By Samuel Erb & Phil Bertuglia
At Akamai, the Enterprise Security Red Team (ESRT) continuously strives to evaluate the security of both our external and internal services. We look at the security of the services we build and purchase for security vulnerabilities that could negatively impact our business and our customers. During a scheduled sorti, the ESRT investigated how to pivot access from a local package management system used to support our endpoints. While that system didn't yield a direct finding, we did find a transitive relationship with a Quest Kace 1200 system, also used to manage corporate devices. So, we decided to take a closer look at our KACE Management Appliance.
When reviewing this appliance, we tested to see if there were any vulnerabilities that could be used to escalate an average user's permission to impact other users. We were able to identify one vulnerable endpoint that we could leverage for a [SQL injection attack](https://owasp.org/www-community/attacks/SQL_Injection).
SQL injection attacks are not always obvious. Rarely will you see a SQL error rendered to an end user. Instead, SQL injection attacks are often "blind" with no visible output. One way to detect this without access to the source code of an application is to use "blind" payloads, that contain SQL sleep/delay functions (such as MySQL "SLEEP()" ). When executed they will delay rendering of the page, waiting for a response from the database. The amount of time spent sleeping/delaying the page rendering can also be used to slowly exfiltrate data.
In order to identify this blind SQLi, we used a SQLi "sleep" wordlist in combination with the burp request timer plugin:https://github.com/1N3/IntruderPayloads/blob/master/FuzzLists/sqli-time-based.txt (for example) https://portswigger.net/bappstore/56675bcf2a804d3096465b2868ec1d65
As you can see in the image above, requests taking longer than 5 seconds become obvious, highlighting the time-based SQL injection.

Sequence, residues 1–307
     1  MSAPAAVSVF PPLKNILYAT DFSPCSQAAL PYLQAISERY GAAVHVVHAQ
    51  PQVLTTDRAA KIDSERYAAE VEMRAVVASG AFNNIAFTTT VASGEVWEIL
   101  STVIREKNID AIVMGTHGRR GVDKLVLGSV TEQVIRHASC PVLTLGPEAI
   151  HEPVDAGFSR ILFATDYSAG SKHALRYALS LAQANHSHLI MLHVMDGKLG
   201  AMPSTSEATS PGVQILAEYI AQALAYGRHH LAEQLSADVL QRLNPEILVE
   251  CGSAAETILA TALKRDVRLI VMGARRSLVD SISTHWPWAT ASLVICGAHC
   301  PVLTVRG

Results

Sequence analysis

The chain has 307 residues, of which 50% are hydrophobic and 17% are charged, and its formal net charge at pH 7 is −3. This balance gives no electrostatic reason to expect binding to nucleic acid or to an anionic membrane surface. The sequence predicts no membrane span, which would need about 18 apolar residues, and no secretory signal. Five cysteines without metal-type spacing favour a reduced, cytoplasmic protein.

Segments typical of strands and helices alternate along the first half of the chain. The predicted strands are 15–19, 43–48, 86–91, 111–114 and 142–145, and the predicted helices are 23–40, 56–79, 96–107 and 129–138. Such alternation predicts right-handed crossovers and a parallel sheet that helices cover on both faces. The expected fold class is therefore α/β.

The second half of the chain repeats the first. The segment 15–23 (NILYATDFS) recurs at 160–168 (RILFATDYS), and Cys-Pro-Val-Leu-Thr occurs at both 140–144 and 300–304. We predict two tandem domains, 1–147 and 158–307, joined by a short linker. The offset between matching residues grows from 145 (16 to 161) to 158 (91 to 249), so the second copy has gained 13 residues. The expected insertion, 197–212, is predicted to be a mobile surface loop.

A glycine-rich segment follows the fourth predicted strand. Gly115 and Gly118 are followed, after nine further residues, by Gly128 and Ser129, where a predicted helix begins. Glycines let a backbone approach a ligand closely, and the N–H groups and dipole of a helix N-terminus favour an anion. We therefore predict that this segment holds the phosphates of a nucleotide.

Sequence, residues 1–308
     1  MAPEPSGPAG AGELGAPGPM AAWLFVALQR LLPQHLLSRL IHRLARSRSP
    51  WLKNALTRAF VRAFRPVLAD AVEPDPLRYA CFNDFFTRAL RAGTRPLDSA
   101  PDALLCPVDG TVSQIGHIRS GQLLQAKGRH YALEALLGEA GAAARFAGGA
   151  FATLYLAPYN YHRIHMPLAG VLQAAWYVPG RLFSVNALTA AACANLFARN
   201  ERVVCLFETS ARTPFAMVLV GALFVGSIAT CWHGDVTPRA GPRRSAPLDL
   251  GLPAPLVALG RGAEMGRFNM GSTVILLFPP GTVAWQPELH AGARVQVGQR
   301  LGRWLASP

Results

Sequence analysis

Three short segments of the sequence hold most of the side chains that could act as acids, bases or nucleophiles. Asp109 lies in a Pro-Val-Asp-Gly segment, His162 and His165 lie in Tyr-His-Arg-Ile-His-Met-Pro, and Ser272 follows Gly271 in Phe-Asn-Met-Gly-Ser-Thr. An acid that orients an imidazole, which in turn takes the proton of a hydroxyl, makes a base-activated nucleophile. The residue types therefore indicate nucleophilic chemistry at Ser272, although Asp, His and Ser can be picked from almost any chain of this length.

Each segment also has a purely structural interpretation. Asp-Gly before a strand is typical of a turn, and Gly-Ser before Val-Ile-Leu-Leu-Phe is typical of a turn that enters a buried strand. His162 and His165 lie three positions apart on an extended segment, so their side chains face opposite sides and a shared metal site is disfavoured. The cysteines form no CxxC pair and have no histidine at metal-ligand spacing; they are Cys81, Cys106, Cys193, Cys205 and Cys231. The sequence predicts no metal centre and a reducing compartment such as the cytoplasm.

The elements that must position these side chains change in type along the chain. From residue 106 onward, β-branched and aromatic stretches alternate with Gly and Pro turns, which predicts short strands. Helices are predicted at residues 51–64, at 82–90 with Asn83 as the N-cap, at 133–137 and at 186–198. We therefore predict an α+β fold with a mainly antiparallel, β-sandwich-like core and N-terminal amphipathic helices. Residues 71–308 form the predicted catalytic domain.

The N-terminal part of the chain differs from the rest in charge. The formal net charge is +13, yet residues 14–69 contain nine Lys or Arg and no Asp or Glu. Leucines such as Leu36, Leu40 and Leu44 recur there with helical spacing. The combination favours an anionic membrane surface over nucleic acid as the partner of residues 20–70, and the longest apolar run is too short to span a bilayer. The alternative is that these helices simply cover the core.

Once this was discovered, other automated testing revealed that this same injection point is also vulnerable to error based, or Boolean, SQLi. For example, the following request will result in a server side SQL error causing a different HTTP response being returned compared to a normal page error (400 vs 500 for example).
http://XXXX/common/user_profile.php?ID=46086&table_id=up_assigned_devices_table&sort_column=IS_PRIMARY_DEVICE&sort_direction= AND 3514=(SELECT (CASE WHEN (3514=3514) THEN 3514 ELSE (SELECT 1249 UNION SELECT 6766) END))-- Ixbp&records_per_page=5&page_number=1
Boolean operators can be used within injected SQL statements in combination with this vulnerability, such as '>' and '<'. This allowed a binary search algorithm to be used that had significantly faster read-only access to the database than the time-based approach. Using this method, we were able to read all tables in the database, including endpoint management information and user details.
Unfortunately, this does not appear to be the only blind SQLi observed recently in this product. In 2018, a similar defect was reported (CVE-2018-5404).
Using this exploit, we observed that older KACE accounts on our system had fixed-salt sha1 passwords. Recently-used accounts used a more modern password hashing scheme. With that in mind, we recommend upgrading and rotating passwords for all privileged users.
7/23/2020: vulnerability identified & reported
11/02/2020: KACE version 11.0 released